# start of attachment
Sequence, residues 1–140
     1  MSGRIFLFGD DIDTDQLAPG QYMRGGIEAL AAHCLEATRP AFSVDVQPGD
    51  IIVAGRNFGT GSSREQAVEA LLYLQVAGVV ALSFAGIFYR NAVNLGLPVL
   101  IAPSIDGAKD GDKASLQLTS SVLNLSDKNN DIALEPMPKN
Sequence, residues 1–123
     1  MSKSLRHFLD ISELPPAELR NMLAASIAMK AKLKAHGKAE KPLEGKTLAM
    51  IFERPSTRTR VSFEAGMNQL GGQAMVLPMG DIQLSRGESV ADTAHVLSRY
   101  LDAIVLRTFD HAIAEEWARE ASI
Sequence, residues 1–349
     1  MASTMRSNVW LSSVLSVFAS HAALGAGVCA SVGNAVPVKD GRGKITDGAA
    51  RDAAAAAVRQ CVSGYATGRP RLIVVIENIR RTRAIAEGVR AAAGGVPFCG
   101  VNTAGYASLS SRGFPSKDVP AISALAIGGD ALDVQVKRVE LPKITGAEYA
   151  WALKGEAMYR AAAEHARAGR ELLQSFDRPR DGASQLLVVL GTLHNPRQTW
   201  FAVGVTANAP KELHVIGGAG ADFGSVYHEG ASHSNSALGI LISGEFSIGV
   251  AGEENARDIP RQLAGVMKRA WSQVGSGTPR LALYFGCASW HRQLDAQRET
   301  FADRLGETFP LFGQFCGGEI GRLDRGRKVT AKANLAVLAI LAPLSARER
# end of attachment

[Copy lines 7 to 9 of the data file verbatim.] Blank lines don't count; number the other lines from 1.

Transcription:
    51  IFERPSTRTR VSFEAGMNQL GGQAMVLPMG DIQLSRGESV ADTAHVLSRY
   101  LDAIVLRTFD HAIAEEWARE ASI
Sequence, residues 1–349